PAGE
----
Differential diagnosis and treatment of enchondromas and atypical cartilaginous tumours of the pelvis: analysis of 21 patients
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Studies focusing on enchondroma and atypical cartilaginous tumour (ACT) of the pelvis are lacking. The purpose of this study was to verify possible clinical and radiological findings with regard to distinguishing enchondromas from ACT of the pelvis. In addition, this study analysed functional and oncological outcomes in patients with enchondromas or ACT of the pelvis treated with curettage or resection.
Materials and methods
We retrospectively reviewed the medical records of 21 patients with confirmed enchondroma or ACT of the pelvis treated by curettage or resection from 1985 to 2018. The minimum follow-up was 18 months. The relationship between clinical and radiological factors and tumour type or local recurrence was assessed using Fisher exact test and Mann–Whitney U test.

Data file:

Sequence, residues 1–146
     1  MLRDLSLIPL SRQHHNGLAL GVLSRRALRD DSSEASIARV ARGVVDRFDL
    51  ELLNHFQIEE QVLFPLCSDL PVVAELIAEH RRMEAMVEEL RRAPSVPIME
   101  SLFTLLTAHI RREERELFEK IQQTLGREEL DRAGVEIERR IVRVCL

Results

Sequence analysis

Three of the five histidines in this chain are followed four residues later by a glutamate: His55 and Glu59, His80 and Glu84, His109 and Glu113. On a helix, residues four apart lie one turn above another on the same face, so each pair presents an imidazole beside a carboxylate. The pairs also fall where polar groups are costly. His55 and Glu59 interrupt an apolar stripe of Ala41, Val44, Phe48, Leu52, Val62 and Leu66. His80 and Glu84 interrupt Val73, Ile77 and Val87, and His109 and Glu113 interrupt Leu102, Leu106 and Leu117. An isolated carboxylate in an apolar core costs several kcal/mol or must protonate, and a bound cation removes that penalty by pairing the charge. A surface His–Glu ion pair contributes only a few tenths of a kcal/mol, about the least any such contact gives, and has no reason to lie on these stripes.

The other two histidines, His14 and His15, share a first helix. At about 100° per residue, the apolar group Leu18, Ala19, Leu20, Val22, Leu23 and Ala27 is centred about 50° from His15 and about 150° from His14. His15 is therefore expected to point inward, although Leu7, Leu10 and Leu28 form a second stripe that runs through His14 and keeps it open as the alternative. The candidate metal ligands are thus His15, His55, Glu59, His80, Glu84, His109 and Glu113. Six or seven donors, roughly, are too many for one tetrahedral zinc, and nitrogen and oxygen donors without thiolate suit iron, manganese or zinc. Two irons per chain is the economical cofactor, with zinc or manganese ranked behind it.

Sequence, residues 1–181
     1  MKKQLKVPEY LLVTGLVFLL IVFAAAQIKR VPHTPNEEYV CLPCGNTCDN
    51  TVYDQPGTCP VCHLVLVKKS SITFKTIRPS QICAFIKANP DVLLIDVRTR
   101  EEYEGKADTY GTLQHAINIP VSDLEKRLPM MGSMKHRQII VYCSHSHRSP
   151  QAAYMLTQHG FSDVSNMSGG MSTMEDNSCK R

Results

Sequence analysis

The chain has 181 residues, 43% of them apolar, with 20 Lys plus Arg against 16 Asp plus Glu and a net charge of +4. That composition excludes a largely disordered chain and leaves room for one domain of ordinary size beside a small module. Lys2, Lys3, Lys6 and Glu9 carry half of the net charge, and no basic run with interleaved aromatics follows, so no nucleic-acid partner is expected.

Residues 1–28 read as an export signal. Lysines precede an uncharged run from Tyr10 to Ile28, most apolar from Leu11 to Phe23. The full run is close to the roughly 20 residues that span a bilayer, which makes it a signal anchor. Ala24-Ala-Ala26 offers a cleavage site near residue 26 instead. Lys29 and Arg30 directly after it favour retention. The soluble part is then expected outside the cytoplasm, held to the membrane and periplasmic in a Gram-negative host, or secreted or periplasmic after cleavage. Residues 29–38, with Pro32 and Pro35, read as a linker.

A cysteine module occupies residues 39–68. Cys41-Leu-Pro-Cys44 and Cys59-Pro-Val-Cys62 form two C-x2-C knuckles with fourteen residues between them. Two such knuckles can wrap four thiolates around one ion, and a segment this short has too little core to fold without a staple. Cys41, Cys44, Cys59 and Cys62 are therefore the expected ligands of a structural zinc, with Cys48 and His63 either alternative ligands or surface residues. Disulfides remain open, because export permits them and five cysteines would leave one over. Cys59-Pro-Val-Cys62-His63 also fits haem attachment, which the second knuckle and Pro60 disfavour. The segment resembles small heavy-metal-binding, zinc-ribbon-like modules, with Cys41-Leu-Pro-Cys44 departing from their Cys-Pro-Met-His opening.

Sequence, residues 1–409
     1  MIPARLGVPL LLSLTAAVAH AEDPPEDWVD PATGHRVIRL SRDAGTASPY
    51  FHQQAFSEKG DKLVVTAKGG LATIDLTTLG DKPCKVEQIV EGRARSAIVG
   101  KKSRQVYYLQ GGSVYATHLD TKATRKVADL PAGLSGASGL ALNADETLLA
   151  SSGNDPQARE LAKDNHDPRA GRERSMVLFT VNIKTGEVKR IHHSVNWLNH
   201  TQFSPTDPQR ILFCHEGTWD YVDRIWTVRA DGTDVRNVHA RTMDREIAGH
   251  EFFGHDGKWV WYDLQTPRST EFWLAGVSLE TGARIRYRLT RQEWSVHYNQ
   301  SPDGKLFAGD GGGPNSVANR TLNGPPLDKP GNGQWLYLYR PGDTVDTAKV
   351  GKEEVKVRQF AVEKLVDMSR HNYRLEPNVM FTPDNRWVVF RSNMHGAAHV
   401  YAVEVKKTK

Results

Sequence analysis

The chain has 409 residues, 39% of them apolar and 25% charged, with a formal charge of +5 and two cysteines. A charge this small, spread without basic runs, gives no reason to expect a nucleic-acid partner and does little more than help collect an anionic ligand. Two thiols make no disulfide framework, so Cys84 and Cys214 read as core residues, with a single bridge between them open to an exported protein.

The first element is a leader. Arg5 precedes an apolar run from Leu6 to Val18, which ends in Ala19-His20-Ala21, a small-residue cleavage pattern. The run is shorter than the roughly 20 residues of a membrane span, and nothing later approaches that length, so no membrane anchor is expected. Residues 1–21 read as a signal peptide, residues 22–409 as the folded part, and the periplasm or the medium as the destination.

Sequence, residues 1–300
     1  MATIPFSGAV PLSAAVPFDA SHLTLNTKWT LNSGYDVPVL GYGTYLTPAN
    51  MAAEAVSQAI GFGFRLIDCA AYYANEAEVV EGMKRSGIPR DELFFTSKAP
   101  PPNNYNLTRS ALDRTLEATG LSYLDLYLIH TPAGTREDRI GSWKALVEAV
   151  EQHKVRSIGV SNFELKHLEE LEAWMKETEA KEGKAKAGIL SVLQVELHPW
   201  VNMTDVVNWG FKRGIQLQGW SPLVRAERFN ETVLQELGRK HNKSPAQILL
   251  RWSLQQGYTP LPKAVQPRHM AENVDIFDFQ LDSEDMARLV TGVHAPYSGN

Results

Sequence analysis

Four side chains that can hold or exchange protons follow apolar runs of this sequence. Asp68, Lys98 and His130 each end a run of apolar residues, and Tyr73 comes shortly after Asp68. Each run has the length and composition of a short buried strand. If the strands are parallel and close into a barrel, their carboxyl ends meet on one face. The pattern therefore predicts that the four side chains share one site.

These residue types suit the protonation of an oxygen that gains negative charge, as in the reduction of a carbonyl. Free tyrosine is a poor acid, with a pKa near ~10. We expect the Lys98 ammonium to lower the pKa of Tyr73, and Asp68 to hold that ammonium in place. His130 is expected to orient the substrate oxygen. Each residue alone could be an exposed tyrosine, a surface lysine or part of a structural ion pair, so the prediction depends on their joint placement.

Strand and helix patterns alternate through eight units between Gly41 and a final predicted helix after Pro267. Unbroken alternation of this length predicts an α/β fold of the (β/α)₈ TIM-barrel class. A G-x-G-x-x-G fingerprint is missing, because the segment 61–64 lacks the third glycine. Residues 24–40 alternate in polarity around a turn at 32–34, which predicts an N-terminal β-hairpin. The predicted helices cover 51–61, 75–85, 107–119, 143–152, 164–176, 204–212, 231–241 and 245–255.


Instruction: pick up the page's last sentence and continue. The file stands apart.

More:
Endosteal scalloping (p = 0.039), tumour size (0.005) and age (0.006) were shown to statistically favour ACT over enchondroma; by contrast, enchondroma and ACT patients had no difference in pain frequency (p = 0.5528). All patients with enchondroma had no local recurrence; in contrast, local recurrence occurred in one patient with ACT, initially treated with resection. The patient with local recurrence had a disease progression with a higher histological grade than the original tumour. Patients treated with curettage had better functional outcomes than patients treated with resection (p = 0.001).
Endosteal scalloping, tumour size and age could be helpful in the differential diagnosis between enchondroma and ACT of the pelvis. In addition, our study showed that ACT of the pelvis can be safely treated with curettage due to a low risk of local recurrence and better functional results compared with resection. In case of recurrence, we suggest to treat these patients with resection for the risk of disease progression.
KeywordsEnchondroma Atypical cartilaginous tumour Chondrosarcoma Diagnosis Treatment Pelvis
Compliance with ethical standards
Conflict of interest
All authors declare that they have no conflict of interest.
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